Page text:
Cache-Control: private, no-cache, no-store, proxy-revalidate, no-transform

In this instance we are instructing any downstream cache that the content is private, so no shared proxy (such as a CDN) can store it. The no-cache directive maintains freshness of the content by forcing any caches to submit the request to the origin server for validation before releasing a cached copy. The no-store directive instructs caches not to keep a copy of the content under any circumstances. The must-revalidate directive informs caches that they must honor any freshness information you give them about the content, and cannot serve stale content under any circumstances. The proxy-revalidate directive is equivalent to the must-revalidate directive, however it only applies to proxy caches.

Help - I need to purge the cache!

Sometimes you may set a long max-age or Expires value, causing the CDN to cache your page or asset for a long period of time. If you need to make a change in such an instance, you can use the MetaCDN invalidation interface. This is available in our web interface and also via the Web Service API for Sites. However, this option should be considered a last resort. If your pages or assets are changing frequently, we recommend you set an appropriately small max-age value so the assets are regularly refreshed from your website origin.


How do I set HTTP headers?

Now I have convinced you of the importance of setting the correct HTTP headers on your website, you might be wondering what is the best way to do this. The best way to enable these headers really depends on the architecture of your website. For static websites (or static assets on a dynamic website), the best place to enable these headers is at the web server level. If you are using a dynamic web language (such as PHP, JSP, Ruby or Python) to generate web pages, you may wish to set your HTTP headers in your page generation or web framework code.

Setting headers on your web server

If you are running Apache, the best place to implement this change is in your .htaccess file. If you are running Microsoft IIS, follow this link to find instructions on how to modify the header. An example .htaccess code snipped for Apache is shown below that sets the Cache-Control header. In this particular example, for any files that match specific extensions (in this case; webfonts, images, stylesheets and scripts) is set as publically cache-able for 1 day (86400 seconds):

<FilesMatch "\.(eot|ttf|woff|jpg|png|css|js)$">
   Header set Cache-Control "public, max-age=86400"

In the next .htaccess Apache example, we wish to ensure all dynamic pages (php, cgi and pl) are not cached:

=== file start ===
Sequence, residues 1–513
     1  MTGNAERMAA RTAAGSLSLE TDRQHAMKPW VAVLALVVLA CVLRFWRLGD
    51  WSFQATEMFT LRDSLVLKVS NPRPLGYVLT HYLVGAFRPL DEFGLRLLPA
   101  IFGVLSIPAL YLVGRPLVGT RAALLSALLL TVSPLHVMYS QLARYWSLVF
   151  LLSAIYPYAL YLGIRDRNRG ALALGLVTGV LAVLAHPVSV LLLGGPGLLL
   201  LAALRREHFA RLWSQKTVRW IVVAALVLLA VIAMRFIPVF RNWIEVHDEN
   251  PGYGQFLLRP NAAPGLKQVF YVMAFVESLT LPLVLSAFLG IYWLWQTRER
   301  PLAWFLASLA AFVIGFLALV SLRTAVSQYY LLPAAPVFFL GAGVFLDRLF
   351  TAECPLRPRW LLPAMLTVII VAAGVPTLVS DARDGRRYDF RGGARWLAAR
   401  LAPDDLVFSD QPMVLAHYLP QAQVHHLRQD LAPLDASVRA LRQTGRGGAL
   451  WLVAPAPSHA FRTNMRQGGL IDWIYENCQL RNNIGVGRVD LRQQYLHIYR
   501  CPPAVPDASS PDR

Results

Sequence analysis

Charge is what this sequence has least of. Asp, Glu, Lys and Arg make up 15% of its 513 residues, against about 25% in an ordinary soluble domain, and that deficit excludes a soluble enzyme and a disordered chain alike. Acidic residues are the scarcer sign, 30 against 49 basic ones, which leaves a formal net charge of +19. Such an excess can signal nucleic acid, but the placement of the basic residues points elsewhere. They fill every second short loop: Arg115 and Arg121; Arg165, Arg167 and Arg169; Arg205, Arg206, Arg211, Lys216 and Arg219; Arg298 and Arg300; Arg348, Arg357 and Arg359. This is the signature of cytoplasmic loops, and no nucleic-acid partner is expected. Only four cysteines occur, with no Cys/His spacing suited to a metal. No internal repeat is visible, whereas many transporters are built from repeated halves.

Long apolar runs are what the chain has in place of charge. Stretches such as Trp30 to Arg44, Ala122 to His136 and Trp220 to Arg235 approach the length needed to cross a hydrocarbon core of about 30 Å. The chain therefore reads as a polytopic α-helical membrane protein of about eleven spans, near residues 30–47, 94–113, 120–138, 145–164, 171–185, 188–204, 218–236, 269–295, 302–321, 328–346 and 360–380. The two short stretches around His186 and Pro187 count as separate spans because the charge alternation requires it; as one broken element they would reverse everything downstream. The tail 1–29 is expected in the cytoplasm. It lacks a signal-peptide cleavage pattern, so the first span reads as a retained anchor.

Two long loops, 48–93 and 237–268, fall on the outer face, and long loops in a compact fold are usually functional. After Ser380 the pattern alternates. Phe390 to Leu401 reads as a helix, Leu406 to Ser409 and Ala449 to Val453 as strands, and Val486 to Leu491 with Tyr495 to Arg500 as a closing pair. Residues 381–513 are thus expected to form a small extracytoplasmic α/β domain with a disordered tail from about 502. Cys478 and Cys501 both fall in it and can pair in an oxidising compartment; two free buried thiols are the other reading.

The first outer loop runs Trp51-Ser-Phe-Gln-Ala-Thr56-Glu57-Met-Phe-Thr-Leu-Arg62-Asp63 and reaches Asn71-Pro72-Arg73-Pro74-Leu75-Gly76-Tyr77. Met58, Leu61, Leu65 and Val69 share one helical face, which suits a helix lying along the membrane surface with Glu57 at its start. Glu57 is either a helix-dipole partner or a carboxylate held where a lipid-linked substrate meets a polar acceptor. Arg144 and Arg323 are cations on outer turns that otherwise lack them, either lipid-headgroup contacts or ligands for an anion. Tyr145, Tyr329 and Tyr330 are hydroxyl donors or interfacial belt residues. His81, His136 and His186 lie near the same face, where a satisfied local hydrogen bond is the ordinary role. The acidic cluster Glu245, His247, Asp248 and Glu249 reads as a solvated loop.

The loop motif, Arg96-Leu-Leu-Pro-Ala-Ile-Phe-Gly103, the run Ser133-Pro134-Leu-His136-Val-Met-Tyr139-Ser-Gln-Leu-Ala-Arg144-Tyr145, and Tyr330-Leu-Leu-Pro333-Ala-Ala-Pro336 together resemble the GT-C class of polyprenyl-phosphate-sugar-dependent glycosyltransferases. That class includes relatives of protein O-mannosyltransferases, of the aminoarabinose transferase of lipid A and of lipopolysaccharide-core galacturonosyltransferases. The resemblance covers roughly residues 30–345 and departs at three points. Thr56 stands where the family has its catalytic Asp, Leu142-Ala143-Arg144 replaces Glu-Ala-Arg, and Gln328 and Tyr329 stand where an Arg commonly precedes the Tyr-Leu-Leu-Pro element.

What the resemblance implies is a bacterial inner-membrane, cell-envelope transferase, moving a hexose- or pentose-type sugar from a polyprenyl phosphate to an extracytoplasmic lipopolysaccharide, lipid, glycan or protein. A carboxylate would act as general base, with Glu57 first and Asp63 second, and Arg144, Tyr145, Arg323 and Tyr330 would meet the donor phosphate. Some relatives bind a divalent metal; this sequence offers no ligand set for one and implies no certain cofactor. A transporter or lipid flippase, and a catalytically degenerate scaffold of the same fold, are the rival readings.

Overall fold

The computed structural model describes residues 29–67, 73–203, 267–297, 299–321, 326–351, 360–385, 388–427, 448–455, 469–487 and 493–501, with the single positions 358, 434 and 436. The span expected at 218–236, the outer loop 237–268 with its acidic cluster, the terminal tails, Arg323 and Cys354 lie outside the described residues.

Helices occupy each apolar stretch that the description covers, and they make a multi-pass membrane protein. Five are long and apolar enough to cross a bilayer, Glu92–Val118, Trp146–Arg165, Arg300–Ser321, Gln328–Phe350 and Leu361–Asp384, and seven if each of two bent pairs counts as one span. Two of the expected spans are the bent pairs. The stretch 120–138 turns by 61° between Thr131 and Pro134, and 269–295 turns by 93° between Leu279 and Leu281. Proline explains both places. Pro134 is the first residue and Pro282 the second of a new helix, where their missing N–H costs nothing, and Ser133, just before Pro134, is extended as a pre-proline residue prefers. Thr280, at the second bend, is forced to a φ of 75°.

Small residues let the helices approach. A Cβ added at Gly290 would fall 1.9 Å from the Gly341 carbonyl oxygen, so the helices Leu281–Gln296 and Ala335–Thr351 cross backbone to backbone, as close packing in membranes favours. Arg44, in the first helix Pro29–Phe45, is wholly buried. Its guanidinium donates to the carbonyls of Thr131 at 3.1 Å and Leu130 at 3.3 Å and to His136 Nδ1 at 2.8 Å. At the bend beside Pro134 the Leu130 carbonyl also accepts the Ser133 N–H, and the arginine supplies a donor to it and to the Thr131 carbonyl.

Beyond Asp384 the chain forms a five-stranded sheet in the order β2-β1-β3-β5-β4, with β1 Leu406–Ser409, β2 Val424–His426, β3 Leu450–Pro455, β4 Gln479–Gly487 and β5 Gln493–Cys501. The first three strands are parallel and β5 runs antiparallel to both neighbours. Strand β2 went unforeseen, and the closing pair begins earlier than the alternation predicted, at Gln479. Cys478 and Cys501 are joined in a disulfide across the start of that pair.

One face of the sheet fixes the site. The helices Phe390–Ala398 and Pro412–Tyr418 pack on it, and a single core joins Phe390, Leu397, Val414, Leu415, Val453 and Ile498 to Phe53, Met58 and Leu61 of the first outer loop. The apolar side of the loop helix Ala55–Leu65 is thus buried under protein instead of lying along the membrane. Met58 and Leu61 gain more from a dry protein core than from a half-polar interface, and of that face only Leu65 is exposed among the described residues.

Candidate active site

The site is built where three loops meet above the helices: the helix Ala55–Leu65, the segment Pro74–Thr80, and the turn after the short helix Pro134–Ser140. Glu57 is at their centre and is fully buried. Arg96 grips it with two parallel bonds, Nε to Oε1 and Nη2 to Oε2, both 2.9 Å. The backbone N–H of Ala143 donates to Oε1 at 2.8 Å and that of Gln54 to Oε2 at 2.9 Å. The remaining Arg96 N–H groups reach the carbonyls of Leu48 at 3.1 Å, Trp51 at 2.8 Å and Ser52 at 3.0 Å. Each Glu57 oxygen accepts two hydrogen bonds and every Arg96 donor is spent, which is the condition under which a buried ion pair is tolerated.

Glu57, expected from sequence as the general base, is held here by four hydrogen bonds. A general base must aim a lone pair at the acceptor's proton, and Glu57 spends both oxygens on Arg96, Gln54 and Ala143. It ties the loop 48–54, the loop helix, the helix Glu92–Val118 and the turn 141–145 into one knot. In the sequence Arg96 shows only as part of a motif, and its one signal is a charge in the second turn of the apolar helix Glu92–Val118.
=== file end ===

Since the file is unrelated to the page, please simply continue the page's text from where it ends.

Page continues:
<FilesMatch "\.(php|cgi|pl)$">
   Header set Cache-Control "private, no-cache, no-store, proxy-revalidate, no-transform"

Setting headers on your dynamic web page

If your web application is using dynamic page generation, it is often possible to set the appropriate cache control header. The methods differ from language to language (and often within different web frameworks running on the same language). Below are some simple examples for common web programming languages. 

JSP (Java)

You can set the cache headers in your servlet code. A common approach is to create a Java Filter which is mapped to specific url-patterns that match the assets or pages whose cache control headers you wish to modify.

HttpServletResponse hresp = (HttpServletResponse) response;

// This content will expire in 24 hours.
hresp.setDateHeader("Expires",System.currentTimeMillis() + expires);
// Set standard HTTP/1.1 cache headers.
hresp.setHeader("Cache-Control", "public, max-age=86400");
// Set IE extended HTTP/1.1 no-cache headers (use addHeader).
hresp.addHeader("Cache-Control", "post-check=86400, pre-check=86400");
// Set standard HTTP/1.0 no-cache header.
hres.setHeader("Pragma", "no-cache");


You can set cache headers in your PHP code. It is essential that the Header() function must come before any other output for the below code snippet to work correctly.

   Header("Cache-Control: must-revalidate");
   $age = 60 * 60 * 24;
   $CacheControlStr = "Cache-Control: public, max-age=$age";


When using PHP combined with the CakePHP framework, the cache control headers can be set as follows:

public function view() {
   // set the Cache-Control as public for 3600 seconds
   $this->response->sharable(true, 3600);

public function my_data() {
   // set the Cache-Control as private for 3600 seconds
   $this->response->sharable(false, 3600);

Further details can be found here.


Coming soon


Coming soon

Further reading

The following websites are invaluable resources when it comes to understanding the behaviour of web servers and caches.

CACHING TUTORIAL for Web Authors and Webmasters - Mark Nottingham

Accept-Encoding, It’s Vary important. - Justin Dorfman (NetDNA)

Speed up your site with Caching and cache-control - Charles Torvalds

The Resource Expert Droid helps check HTTP resources for common problems and makes suggestions about how to improve them.

Have more questions? Submit a request